Armor was strong back then, but it wasn't that strong. Metal deflected blows, but a direct blow from a broadsword could shear at least the first layer but would most likely be stopped by the chain mail. Meaning it's likely bones would break. This is why they'd use shields. They'd also be used to knock spears away and could be used to stop arrows, but european archers would fire in volleys, so there would most likely be too many arrows to block all of them.
#254 - phantomeins (08/05/2014) [-]
You can't cut through hardened steel. It's not possible at all, even modern bandsaws won't do anything to it. Cutting steel is hard, you anneal the metal before doing anything with it or else you'll end up with a dull sawblade and a few scratches on the metal your cutting.
There was no way to cut through plate armor at that time, that's why halfswording was used to get around the plate and thrust into less protected areas like the inside of a gauntlet, back of the knee, armpit, visor, neck. But swords weren't a primary weapon, and percussion weapons were the more common weapons used to fight armor. You don't try to break bones with a sword, that's a stupid idea. A sword is balanced near the hilt to let you maneuver it around.
This is how you fought armor when you had a sword
If you think you can't halfsword without cutting your hands
If you try and fight a guy halfswording and you're trying to brute force your way through and cut through his armor you'll just get killed
#262 - heartlessrobot (08/05/2014) [-]
I'm seeing some pretty bad technique from the ones not half-swording. They're throwing their whole body into them unnecessarily, instead of taking advantage of their superior reach. And yeah, it's a good technique in some cases, but an easy way to lose an elbow.
Plus, all he did was vertical, overhead attacks. Because of how you have to hold it when half-swording, it would be shit against a horizontal attack. And of course you can hold it by the blade, swords aren't supposed to be razor sharp.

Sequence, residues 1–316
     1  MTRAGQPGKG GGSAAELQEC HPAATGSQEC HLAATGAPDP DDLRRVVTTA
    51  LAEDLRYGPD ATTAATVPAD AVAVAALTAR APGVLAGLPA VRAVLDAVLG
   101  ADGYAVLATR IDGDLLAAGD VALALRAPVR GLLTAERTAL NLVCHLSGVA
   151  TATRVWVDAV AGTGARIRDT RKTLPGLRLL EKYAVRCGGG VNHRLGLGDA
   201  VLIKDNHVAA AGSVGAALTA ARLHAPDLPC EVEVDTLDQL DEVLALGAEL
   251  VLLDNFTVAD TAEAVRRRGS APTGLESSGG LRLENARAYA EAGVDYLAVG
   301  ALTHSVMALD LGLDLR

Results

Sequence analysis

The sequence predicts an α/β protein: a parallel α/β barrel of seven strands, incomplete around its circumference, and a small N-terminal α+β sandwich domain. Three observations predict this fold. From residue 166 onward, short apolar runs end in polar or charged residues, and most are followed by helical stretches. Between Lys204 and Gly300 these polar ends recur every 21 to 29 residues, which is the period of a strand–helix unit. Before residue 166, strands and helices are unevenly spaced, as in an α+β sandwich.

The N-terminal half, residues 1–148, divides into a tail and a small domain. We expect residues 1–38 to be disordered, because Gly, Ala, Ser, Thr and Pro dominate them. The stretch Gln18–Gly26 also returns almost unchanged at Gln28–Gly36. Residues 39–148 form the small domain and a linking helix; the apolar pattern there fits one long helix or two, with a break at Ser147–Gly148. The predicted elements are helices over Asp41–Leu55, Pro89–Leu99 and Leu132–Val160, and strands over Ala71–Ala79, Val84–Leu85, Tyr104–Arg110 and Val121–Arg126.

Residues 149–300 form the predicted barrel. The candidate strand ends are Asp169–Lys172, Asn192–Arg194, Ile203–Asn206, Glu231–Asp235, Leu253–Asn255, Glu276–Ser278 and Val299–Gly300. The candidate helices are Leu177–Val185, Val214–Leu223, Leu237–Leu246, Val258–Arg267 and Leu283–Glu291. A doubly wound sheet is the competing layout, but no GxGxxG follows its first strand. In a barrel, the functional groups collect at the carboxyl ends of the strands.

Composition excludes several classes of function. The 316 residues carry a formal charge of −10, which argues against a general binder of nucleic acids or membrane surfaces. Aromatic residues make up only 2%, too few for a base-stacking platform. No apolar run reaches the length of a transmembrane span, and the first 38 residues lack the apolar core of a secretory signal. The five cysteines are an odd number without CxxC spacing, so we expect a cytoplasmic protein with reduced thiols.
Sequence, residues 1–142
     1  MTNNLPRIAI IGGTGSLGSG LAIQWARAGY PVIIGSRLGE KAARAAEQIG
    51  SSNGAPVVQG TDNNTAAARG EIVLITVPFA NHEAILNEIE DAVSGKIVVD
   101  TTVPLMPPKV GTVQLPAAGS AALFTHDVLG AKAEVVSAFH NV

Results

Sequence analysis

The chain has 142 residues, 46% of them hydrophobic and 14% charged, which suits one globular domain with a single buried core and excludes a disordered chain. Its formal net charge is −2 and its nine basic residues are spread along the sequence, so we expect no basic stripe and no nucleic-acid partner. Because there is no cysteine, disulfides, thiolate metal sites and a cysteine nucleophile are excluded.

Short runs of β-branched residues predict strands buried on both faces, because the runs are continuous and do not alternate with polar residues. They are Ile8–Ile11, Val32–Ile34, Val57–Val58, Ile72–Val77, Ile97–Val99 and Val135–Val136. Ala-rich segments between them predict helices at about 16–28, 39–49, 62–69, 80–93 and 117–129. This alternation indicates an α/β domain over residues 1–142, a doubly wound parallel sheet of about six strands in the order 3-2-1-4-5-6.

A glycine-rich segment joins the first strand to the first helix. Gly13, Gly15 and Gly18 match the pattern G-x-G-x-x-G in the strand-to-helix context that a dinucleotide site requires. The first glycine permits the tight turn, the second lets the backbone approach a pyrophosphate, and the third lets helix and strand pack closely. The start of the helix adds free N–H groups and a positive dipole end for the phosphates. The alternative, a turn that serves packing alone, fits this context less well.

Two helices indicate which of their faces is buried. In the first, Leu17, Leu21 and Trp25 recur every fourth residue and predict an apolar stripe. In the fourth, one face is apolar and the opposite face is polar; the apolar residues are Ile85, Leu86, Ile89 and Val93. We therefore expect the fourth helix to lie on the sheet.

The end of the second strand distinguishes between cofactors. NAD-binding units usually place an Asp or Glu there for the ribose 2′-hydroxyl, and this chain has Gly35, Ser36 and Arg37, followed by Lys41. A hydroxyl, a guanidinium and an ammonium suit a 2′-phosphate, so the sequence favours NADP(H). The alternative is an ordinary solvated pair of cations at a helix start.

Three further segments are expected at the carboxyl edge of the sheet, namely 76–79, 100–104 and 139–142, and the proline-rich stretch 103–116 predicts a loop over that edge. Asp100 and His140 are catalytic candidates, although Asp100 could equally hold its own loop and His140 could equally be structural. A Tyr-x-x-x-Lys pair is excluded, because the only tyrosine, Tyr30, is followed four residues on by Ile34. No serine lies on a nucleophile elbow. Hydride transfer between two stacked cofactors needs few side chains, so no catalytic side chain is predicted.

#67 - icedcarbon (08/05/2014) [-]
Katana might be a good sword, but it won't beat european swords.
Portuguese soldiers had a few duels with japs, 9 of which the portuguese won, the 10th a portuguese soldier was drunk and offended a jap, the jap challenged him for a fight, the jap wins, the next day his commanding officer learns of what happened and challenges the jap. the officer wins. that's 10-1 to Portugal.
I could not find who were the portuguese in the duels but I can only guess that most were from the navy (logically), portuguese sailors had a Crab Sword or Black Carrack Sword. Marines, merchants and nobles onboard would have more of the standard army stuff, the usual 16th/17th century arming swords or anything they had. These were all mixture of light ( something like jack of plates) to no armoured fighters with a sword and dagger/buckler/leather shield (adarga)... or a simple armoured soldier with the famous look of a 16th cen. breastplate a fauld, morion etc. and others maybe more diverse. We can't say for 100% sure what they used against the katanas, but it was clear the japanese warriors were not ready for Western warriors both skill wise and material wise.